JONATHAN COHN JULY 31, 2011
Maybe the final terms of the deficit reduction deal between President Obama and congressional Republicans will turn out to be less horrible than what the media is reporting and some TNR sources are saying (although very few people seem to have first-hand knowledge of what's in the deal). But the August 2 deadline for hitting the debt ceiling is nearly upon us. If there's a last chance to alter the deal, this is it. So go ahead and scream.
The outlines of the agreement have been clear for several days now. The first step would be about $1 trillion in discretionary spending cuts, on which the two parties have basically agreed. The second step would be a series of additional deficit reduction, either via recommendations by a bipartisan “super committee” of lawmakers, approval of a balanced budget amendment by Congress, or a series of automatic cuts divided between the Pentagon budget and Medicare.
That last part – the “trigger” – is what makes the deal so difficult to swallow. As discussed previously, the primary goal here is to threaten both parties with unappealing options if they fail to act on the super-commission's recommendations. And, with that in mind, Obama and Democrats initially sought a trigger that would achieve automatic deficit reduction through a mix of new revenues (unappealing to Republicans) and entitlement cuts (unappealing to Democrats).
The debate played out as a microcosm of the debt ceiling debate as a whole: Republicans threatened to torpedo the whole deal if the trigger included new revenue, so Obama retreated. It appears he’s agreed to substitute automatic defense cuts for automatic revenue increases.
The problem is that, these days, plenty of Republicans support cuts in defense spending. Or, at the very least, they don't find them as objectionable as they once did, notwithstanding the best efforts of defense contractor lobbyists. That would increase their leverage in the committee negotiations, making it more likely that the end result is substantial cuts to entitlements. (The media seems to be missing this point completely, at least based on what I'm reading and seeing right now.)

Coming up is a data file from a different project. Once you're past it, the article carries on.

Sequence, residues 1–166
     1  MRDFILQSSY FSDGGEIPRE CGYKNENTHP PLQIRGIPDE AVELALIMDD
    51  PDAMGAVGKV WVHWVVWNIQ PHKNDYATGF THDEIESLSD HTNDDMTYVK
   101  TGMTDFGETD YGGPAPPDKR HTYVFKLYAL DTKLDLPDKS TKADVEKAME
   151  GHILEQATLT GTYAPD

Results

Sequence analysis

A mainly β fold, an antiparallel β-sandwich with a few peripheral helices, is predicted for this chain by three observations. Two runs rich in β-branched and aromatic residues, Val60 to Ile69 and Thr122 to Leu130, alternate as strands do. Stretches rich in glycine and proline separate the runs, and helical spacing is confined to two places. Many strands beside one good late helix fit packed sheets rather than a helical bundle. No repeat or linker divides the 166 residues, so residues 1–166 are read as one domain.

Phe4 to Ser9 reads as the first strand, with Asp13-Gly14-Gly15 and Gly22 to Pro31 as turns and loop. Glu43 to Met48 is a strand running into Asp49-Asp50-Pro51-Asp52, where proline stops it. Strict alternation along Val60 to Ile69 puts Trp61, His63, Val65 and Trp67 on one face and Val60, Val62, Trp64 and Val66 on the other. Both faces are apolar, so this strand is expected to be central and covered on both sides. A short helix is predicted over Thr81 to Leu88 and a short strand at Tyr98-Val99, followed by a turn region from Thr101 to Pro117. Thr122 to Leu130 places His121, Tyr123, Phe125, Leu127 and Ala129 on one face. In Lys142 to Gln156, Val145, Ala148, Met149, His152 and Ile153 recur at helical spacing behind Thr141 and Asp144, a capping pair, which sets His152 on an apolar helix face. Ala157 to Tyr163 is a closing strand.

Again, I can't be sure the trigger is that unappealing, because the substantive details are not yet available and may not be set in stone yet. (Believe me, I'd like to be wrong.) A lot depends on the size and nature of the automatic Medicare cuts – specifically, how big are they? Whom would they affect?
Some sources are saying the automatic cuts would affect only providers and producers of medical care, not beneficiaries – in other words, it'd reduce what the program pays doctors, hospitals, device makers, and the like, but it wouldn't reduce the level of financial protection beneficiaries get. That'd help a bit.
But keep the following facts in mind. The Affordable Care Act reduced Medicare spending by about a half trillion dollars, on net, and did so at the same time it expanded insurance coverage, effectively softening the blow on the health care system. Another round of cuts of that magnitude or greater, in the next ten years, would be a very substantial reduction in spending. I haven't had time to check this out thoroughly, but I'd at least worry about the impact of such cuts on the health care system, depending on their timing and specific design.
Is it too late to change the terms? I’m honestly not sure.
This bill will not pass without substantial Democratic votes in one if not both houses of Congress. (Senate Democratic sources are telling TNR the president should not count on their votes.) That gives Democrats leverage, perhaps enough to demand slightly better terms on the trigger or perhaps another concession. Or maybe this is the time to insist upon an extension of unemployment insurance and a payroll tax holiday, ideas that were part of the conversation just a week ago.
Then again, the clock is ticking. This deal is so tentative, and so fragile, that a failure to pass anything remains a very real possibility. A failure to raise the debt ceiling really does risk awful consequences.
Why we’re in this situation (hint: it involves this guy) and what progressives could do to repair the damage afterwards (hint: it involves the Bush tax cuts) will be the subject of another post. For now, though, the best outcome would be to make this awful deal less awful. And even that may not be possible. As Greg Sargent concludes, "it appears the GOP is on the verge of a huge and unprecedented victory." But that may be a foregone conclusion.